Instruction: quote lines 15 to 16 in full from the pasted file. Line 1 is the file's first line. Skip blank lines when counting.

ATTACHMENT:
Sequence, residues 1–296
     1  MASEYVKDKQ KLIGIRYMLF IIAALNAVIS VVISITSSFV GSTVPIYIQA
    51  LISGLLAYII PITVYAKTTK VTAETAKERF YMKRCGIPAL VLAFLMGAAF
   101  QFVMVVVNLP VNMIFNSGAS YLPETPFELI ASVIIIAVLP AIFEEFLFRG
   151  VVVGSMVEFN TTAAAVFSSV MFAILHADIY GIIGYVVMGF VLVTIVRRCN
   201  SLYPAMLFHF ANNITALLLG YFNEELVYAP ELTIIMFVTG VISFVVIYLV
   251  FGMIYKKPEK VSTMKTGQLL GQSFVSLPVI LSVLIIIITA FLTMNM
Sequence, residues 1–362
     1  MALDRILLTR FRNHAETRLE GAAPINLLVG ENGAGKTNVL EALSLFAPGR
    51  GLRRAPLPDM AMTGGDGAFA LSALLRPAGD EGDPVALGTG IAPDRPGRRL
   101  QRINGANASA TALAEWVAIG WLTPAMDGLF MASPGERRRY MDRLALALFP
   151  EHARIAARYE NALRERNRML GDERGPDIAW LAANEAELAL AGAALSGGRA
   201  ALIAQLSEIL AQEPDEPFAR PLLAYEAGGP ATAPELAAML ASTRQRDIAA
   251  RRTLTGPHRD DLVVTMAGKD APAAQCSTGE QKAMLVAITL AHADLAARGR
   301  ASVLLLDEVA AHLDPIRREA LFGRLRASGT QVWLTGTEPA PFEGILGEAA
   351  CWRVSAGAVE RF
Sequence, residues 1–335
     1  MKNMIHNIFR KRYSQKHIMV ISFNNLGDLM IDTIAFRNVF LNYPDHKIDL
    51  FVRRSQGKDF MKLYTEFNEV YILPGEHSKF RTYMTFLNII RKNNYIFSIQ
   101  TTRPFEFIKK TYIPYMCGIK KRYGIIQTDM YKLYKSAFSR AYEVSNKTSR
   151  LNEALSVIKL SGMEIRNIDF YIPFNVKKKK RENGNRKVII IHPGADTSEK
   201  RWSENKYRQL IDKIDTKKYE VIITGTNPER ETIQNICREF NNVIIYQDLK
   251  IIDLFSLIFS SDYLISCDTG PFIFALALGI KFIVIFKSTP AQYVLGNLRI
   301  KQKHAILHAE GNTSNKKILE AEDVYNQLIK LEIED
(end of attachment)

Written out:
   301  ASVLLLDEVA AHLDPIRREA LFGRLRASGT QVWLTGTEPA PFEGILGEAA
   351  CWRVSAGAVE RF